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Posts By: J Sutherland
I can recall the first time I saw a first generation Camaro in the October 1966 Popular Science new car preview edition. The 1967 Camaro was the star attraction when it debuted in the fall of 1966 and it gave the General an instant classic in the pony car battle.
I liked the original Camaro because it was a stylish blend of well-sculpted bodylines with curves in all of the right places. The hidden headlights and race stripe around the front fenders of the car were options that took the car to an even higher level of cool for me as a very young admirer.
The idea of an old car is both a complicated and uncomplicated concept for car guys.
The complicated part is the age and engineering behind the car.
The age and engineering behind the car is also the uncomplicated part of the car and the reason for this article.
Personal opinion time here: I hate trailer queens. Let me clarify the term “trailer queen” before anybody gets the wrong idea. Trailer queens are vehicles that leave the safety of a garage, enter the safety of a trailer and head out on the street in an enclosure towed by another vehicle.
I saw a very nice car being shoved into a covered trailer this weekend and it just kind of set me off on the topic of trailer queens. Don’t get me wrong, there are many other vehicles beyond broken-down cars that should be towed behind another vehicle. A barely street legal quarter mile ride should be trailered for practical reasons like: microscopic gas mileage, finicky track motors, an earnest desire on the part of their owners to remain in one piece.
The default power choice for many resto-mods is the popular 350 from the General. They are plentiful, affordable and can be built into a beast of a motor. But for many non-General car guys, the idea of a Chevy engine under the hood of their non-General Motors ride is simply a great reason to run it directly over a cliff.
A survivor car is a pretty narrow category in my opinion. It means that a vehicle has come through the years with all of the originality that made it highly desirable in car guy world. Lately, the definition of a survivor car has been diluted down to a wishy-washy. I watched a TV program that featured survivor cars and tried to include a repainted car in the collection as a survivor model.
So let’s re-establish a set of basic ground rules about what makes the grade as a survivor car. (Read More…)
You have decided to jump headfirst into the old car game, and you are anxious to pull the trigger on the process by buying a four-wheeled blast from the past. Ahead lays a very cruel path of pain and disappointment if you make a bad decision.
The initial purchase price may be well within the price range of most car guys, thus many of them may begin to get buck fever about the vehicle. This is the exact point where emotion might blind side common sense, and where a car guy finds himself to be the proud owner of a four-wheeled nightmarish money pit.
The first step is to truly understand the consequences of an old car purchase. (Read More…)
I realized how far we have come off the tracks from that golden era of miles per hour when I had to cuff my over-30 nephew after he asked how many kilometers were on a large 1972 Chrysler Imperial. Those of us from a kinder and gentler time knew that old Impy was a miles car – not a kilometer kar.
Canada used to be a miles per hour country, until we recklessly elected Pierre Trudeau to run our country from the late 60s until the early 80s, with an-all-too-brief timeout from the guy in the late 70s.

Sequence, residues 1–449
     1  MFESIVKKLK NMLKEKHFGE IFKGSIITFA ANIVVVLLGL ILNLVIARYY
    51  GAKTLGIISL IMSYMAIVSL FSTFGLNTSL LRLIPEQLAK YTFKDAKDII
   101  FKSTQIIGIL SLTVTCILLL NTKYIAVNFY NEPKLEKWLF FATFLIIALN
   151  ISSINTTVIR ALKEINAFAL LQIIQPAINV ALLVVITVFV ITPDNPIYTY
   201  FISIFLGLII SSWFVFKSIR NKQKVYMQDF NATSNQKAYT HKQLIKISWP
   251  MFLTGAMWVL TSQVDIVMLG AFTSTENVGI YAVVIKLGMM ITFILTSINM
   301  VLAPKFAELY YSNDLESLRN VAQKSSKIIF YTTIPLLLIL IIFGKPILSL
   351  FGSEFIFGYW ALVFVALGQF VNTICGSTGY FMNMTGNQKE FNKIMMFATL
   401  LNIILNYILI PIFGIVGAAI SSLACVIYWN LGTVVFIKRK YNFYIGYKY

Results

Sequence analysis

Hate is a powerful emotion. Sure, its impact has been diminished by its new fad-like use as a term for everything from mild irritation to medium discontent, but I am still old school about the term.
If I hate something, I really hate something in that full-on way that respects the power of the emotion. Hate is not something to be treated lightly as a term, and people who accuse others of hatred should realize that it is considered to be a major decision to accuse somebody of hatred. If there is one thing I hate, then its new cars at classic car shows. (Read More…)
One of the worst kept secrets in show business is actor Tim Allen’s legendary love of cars, an affliction that has almost reached Jay Leno proportions. In fact the Toolman made his car addiction a major part of the storyline for his classic situation comedy “Home Improvement”. (Read More…)
‘American Graffiti’ exploded onto the movie screen in the early 70s, a little over 10 years after it happened 1962, according to the movie plot.
“Where were you in ’62?” became the question of the day in the movie trailer. Back when, most of us wished that we had been old enough to cruise around in the cool ’62-era iron shown in ‘American Graffiti’. Today, we wish we would have been born after that. (Read More…)
Cars are a little bit like pets. The years are not kind to either over the long run. The wear and tear begins to take a toll. They have less spring in their step, and moving around gets painful.
We notice the changes and hope for the best with a little more time together, but time waits for no one and no machine or pet. Sooner or later tough decisions have to be made and the pet or vehicle become a fond memory with a little heart-break when the decision to say goodbye is made at the end of the relationship. (Read More…)
In 1980, Chrysler was headed into the financial whitewater rapids of a 2-year recession, paddling a leaky canoe full of weak sales. Their products weren’t moving, and the survival life raft full of government loans was a year away.
They needed customers in the worst way, and in early spring 1981, 18-year-old Don Sutherland saw a brand new black T-top 1980 Plymouth Roadrunner sitting in the corner of a local Chrysler-Plymouth dealership. This was his first brand new car.
In theory. (Read More…)